EVERY PICTURE HAS A STORY
I always wondered about how these two photos of a classic California custom were in with a picture collection of an early Washington State car.
by Tom Nielsen
A while ago I received a packet of pictures of a custom ’34 Ford sedan that had been built and owned by a friend who passed away several years ago. I had only seen his car once many years ago, so I was very interested in seeing the collection of photos that I had been given. In looking through them surprisingly I found two pictures that I hadn’t expected.
They were photos of Butler Rugards custom Chevy convertible built by the famous Harry Westergard. I had seen pictures of this car in a Custom Car Annual long ago, but didn’t remember any details about the car.
I found out later it was built for Butler Rugard with a Hall top and Summer’s fadeaway fenders. I sent the two photos off to Rik Hoving to be part of my collection on the Custom Car Photo Archives. In short order I received an email back from Rik. He was quite enthusiastic about the two new photos I had discovered of the historic Harry Westergard ’47 Chev convertible.
I always wondered about how those photos of a classic California custom were in with pictures of an early Washington car. I think that I have now put together the story behind the pictures, with just a little sleuthing.
In the 1950’s and 60’s when the military draft was facing young men in the US, an alternative to active duty was to join the reserves. You would have weekend meetings once a month and two weeks active duty in the summer. John Dennis was in the US Army Reserves around 1951-3 and had his summer camp for two weeks at Fort Ord in Monterey, California. The Army reservists were all given a travel allowance to get from their hometown to the place where their summer camp was held.
A young car guy with a cool car probably wanted to drive to the “Mecca” of hot rodding that California was at that time. It was the place to see and be seen in a custom car. Young John, probably got a couple of Army Reserve friends to go along together with him on the 910 mile trip from Everett, Washington to Monterey, California. His ’34 sedan had a built 59A flathead with an Eddie Meyer two carb manifold so it could cruise along pretty well on the long journey.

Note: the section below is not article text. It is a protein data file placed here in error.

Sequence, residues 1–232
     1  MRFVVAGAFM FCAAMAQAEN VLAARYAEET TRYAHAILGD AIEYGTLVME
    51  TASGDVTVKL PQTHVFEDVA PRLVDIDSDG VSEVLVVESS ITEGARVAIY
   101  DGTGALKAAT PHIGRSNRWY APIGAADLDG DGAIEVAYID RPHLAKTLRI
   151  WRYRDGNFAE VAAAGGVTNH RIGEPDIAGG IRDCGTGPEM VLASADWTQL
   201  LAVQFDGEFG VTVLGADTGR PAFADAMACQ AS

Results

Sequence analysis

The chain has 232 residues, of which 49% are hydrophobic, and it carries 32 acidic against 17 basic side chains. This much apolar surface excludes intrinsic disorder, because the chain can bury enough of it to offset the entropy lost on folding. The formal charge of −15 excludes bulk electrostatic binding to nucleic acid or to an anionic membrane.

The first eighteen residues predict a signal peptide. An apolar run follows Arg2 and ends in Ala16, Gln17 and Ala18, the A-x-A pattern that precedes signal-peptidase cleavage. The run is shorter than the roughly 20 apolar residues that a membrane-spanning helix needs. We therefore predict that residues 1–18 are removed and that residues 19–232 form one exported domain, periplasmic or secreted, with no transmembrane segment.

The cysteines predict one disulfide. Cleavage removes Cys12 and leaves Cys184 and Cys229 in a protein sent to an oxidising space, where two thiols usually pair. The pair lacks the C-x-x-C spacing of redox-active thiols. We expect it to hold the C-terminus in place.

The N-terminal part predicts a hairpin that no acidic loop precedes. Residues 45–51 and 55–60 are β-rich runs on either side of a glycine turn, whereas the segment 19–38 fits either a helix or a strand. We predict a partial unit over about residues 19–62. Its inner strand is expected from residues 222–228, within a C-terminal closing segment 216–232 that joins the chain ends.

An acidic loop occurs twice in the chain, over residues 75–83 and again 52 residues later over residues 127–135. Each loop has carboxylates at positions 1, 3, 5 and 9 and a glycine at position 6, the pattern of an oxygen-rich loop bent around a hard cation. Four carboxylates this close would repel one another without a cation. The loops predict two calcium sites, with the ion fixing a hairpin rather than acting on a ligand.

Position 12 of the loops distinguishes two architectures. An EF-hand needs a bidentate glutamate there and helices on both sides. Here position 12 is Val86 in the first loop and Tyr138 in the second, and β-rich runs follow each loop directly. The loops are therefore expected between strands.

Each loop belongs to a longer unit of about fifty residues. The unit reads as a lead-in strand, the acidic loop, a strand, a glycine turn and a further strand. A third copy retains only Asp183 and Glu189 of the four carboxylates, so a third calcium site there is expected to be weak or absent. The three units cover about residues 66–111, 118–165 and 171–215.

While at the base the reservists could park their car next to the barracks on the base. So it was pretty easy to see if there were other cool cars that fellow soldiers had driven in for their two week encampment.
In their time off, I am sure these car guys got together to kick tires and compare each other’s cars. Luckily, John had his camera along with him to snap a few photos of his own ’34 and the Harry Westergard Custom Chevy at the camp.
John took this photo of his chopped sedan parked next to a barracks at Ft. Ord.
In the 1952 time frame the owner of the Chevy was probably Joe Martin. At least he was listed as the owner in the feature shown in the 1957 Custom Car Annual.
I am sure that both John’s ’34 and the Westergard Chevy both stood out in a parking lot filled with more mundane daily drivers. Sometime during their leisure time at the base they must have gotten together to take a few photos.
The Westergard Chevy with Hall top on the right with the Military barracks in the backround[divider]
The pose: In the early days of customizing there was always motivation to have your car look more modern as well as lower and more sleek like the newer models were becoming. Since there was a sharp looking 1952 Chev hardtop nearby, that one of the reservists owned, it was only natural to compare it to the five year older Chev. They put the two Chevrolets side by side and photographed them from various angles. I think that it makes an interesting pose and kind of defines that era of hot rodding and customizing.
It is fortunate for us that John snapped these photos in this setting. It is also nice to see his car in the same setting and imagine the excitement of showing off your own custom ride in Northern California. The fact that the bodyman who chopped, modified, and painted his ’34 was from California is an interesting coincidence. He was known as “Tiny” and he had worked on lots of custom cars in California, where he had learned his trade. Tiny convinced John to chop his sedan and then let John help with the hacksawing etc. When all the modifications were finished and it was ready for paint he sprayed it with a “special mix” of purple lacquer.
I think that I have figured out the story behind the two pictures of the Butler Rugard’s convertible. The barracks in the background were the giveaway to putting the pieces together. It must have been a good journey for these car guys who ended up at Fort Ord for two weeks.
John Dennis cleans up his ’34 sedan at a Flying A station in Everett around 1952.
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